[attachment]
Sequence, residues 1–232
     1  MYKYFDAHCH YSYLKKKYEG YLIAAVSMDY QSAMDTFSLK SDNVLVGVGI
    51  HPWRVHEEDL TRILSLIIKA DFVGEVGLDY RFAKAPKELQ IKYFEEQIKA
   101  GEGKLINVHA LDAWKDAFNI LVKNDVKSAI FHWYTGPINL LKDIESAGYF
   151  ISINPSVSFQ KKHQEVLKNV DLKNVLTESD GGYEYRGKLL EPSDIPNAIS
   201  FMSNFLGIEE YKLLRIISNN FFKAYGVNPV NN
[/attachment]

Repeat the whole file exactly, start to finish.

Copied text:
Sequence, residues 1–232
     1  MYKYFDAHCH YSYLKKKYEG YLIAAVSMDY QSAMDTFSLK SDNVLVGVGI
    51  HPWRVHEEDL TRILSLIIKA DFVGEVGLDY RFAKAPKELQ IKYFEEQIKA
   101  GEGKLINVHA LDAWKDAFNI LVKNDVKSAI FHWYTGPINL LKDIESAGYF
   151  ISINPSVSFQ KKHQEVLKNV DLKNVLTESD GGYEYRGKLL EPSDIPNAIS
   201  FMSNFLGIEE YKLLRIISNN FFKAYGVNPV NN